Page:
There is an argument that Arsenal are the most predictable team in England’s top flight.
Whether it is the general trajectory of their season or a game-by-game analysis, they are flaky on the road, often remarkably so, but when facing sides outside of the top six at the Emirates they usually record very comfortable victories.
Every match involving the Gunners currently carries with it a feeling of emptiness: they have nothing else to play for domestically and their Europa League progress to date has been relatively serene.
After losing six games in eight, Arsene Wenger’s side have now won six matches in a row and have notched up 18 goals in the process. Those last five victories have all arrived at the Emirates to a backdrop of empty seats and often empty celebrations.
Strengths and weaknesses
Sunday’s victory over Southampton will ultimately prove futile in an attempt for a top four slot but it again highlighted both the strengths and weaknesses of this side.
They are significantly stronger than any side in the bottom half, they maximise their home advantage and they can score quite a few goals in the process.
Yet equally, too many of their players produce indecisive performances which are devoid of the genuine quality to allow Arsenal to challenge those above them.
Shkodran Mustafi is a case in point. At times it is easy to forget the central defender is just 25 and has time on his side to improve yet all the signs point to the fact he has regressed since moving to North London.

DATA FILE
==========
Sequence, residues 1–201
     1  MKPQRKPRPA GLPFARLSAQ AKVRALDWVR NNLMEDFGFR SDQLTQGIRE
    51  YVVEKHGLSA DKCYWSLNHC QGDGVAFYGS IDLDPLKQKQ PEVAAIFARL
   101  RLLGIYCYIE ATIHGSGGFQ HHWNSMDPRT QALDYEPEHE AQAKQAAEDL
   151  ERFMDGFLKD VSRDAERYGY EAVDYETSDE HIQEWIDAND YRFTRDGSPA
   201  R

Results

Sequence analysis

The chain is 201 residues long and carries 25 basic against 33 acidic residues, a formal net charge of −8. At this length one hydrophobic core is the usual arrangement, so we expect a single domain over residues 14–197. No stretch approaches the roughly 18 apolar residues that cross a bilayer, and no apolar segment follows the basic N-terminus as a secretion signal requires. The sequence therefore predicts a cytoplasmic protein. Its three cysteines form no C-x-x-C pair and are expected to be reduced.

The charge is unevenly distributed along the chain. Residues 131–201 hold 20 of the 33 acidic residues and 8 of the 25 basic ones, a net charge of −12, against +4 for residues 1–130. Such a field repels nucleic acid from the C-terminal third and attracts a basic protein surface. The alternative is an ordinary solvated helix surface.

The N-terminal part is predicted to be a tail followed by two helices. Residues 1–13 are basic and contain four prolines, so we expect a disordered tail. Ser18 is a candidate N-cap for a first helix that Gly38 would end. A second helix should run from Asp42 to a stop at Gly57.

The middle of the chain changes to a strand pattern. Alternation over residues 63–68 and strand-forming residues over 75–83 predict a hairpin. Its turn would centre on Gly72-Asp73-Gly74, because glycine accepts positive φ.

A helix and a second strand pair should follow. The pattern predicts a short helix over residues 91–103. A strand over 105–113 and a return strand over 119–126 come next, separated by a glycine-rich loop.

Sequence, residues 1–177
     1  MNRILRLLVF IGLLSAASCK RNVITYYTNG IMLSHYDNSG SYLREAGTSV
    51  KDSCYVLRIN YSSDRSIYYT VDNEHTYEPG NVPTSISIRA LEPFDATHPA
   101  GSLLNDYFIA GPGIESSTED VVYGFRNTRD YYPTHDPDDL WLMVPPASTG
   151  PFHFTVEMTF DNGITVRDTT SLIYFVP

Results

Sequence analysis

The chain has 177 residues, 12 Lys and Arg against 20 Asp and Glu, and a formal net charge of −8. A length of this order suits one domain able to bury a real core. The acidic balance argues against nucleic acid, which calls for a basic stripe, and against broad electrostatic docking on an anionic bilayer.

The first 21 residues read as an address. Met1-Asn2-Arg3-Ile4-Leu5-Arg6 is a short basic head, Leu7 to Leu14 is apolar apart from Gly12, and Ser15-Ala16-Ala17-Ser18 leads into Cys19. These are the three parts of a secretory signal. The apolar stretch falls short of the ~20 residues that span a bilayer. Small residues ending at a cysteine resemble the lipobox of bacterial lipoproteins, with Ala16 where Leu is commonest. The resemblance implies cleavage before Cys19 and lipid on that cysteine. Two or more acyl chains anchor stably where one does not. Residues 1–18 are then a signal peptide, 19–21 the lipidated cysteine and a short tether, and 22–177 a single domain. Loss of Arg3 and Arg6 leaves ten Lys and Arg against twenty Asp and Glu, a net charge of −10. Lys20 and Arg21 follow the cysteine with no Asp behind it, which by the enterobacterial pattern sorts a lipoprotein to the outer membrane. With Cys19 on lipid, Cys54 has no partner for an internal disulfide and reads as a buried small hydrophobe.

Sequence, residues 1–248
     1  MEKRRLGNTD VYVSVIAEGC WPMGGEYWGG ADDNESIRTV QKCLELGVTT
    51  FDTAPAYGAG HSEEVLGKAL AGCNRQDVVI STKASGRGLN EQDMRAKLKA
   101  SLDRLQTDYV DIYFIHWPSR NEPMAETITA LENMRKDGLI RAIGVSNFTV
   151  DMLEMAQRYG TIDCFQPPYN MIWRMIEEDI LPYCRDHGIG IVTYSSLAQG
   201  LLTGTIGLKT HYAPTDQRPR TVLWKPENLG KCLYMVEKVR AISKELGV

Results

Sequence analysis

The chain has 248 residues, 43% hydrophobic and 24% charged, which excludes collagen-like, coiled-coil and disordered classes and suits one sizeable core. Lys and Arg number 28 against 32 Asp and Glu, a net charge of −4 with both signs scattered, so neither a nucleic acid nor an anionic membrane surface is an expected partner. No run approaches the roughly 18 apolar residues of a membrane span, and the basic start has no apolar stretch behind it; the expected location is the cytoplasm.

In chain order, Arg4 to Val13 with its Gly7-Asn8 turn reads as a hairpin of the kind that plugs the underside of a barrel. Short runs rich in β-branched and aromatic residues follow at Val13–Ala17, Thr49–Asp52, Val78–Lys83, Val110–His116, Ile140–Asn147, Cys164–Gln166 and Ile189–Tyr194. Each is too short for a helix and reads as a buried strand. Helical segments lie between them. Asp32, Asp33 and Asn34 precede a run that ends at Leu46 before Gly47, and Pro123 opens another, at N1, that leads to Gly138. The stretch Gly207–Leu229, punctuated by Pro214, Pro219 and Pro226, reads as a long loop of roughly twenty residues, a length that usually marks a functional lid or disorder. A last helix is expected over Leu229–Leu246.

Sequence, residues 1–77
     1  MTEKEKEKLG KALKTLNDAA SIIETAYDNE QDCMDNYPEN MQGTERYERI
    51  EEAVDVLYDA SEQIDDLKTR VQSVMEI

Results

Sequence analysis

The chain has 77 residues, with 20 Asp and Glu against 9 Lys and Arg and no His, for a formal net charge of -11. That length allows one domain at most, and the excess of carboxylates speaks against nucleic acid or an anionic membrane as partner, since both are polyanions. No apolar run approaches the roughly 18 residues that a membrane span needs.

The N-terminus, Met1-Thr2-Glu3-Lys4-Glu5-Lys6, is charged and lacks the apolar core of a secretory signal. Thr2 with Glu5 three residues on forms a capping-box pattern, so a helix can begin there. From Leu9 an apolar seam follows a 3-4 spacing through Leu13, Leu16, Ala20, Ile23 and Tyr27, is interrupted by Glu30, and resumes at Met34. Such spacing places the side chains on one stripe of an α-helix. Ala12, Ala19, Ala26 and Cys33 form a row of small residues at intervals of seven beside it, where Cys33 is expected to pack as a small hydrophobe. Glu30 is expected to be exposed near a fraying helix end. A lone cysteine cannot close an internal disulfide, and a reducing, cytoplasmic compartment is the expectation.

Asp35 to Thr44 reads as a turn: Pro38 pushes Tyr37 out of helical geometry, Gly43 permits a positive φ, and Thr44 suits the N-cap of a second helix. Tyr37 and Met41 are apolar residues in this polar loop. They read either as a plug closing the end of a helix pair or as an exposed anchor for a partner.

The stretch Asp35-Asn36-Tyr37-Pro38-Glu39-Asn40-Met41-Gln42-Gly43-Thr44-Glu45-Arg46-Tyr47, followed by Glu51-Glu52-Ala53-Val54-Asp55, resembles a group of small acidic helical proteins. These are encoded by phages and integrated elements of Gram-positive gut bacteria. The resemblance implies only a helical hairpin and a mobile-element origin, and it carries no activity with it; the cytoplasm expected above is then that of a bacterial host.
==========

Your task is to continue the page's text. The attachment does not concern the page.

The club paid a whopping £35 million to prise him from Valencia in August 2016 but, despite winning 20 caps for the German national side, he has shown little to either justify that price tag or suggest any improvement.
His high-profile error in the build-up to Manchester City’s first goal in the League Cup final – where he was eased from a challenge by Sergio Aguero – suggested both a lack of concentration and ruthlessness.
His error-strewn performance in Sunday’s victory over Southampton once again suggested he was lacking real motivation and drive.
Strong in the air and providing a real threat offensively from set-pieces, he appears to have the fundamental skillset to thrive in the Premier League but he has done anything.
However, he is not a top-class defender and, whilst it is unfair to pinpoint him for Arsenal’s relative lack of decisiveness defending, he has certainly played a role.
To do or not to do?
One of the problems with Mustafi's approach is that he seems caught between action and non-action.
Often, his highest profile errors have come as the result of failing to take responsibility, hoping that by not acting the situation might be defused. Think, for example, of the Aguero goal in the Carabao Cup final.
But at other times, his all-action approach puts his teammates under pressure and puts himself at risk of giving away fouls in key areas.
Mustafi’s price tag – the eighth-highest for a defender – and his status as an established German international perhaps raise expectations among fans and pundits alike but Arsenal must hope he learns from his mistakes and offers a greater element of control into his play.
As things stand, he epitomises Arsenal’s isolation from England’s leading clubs.
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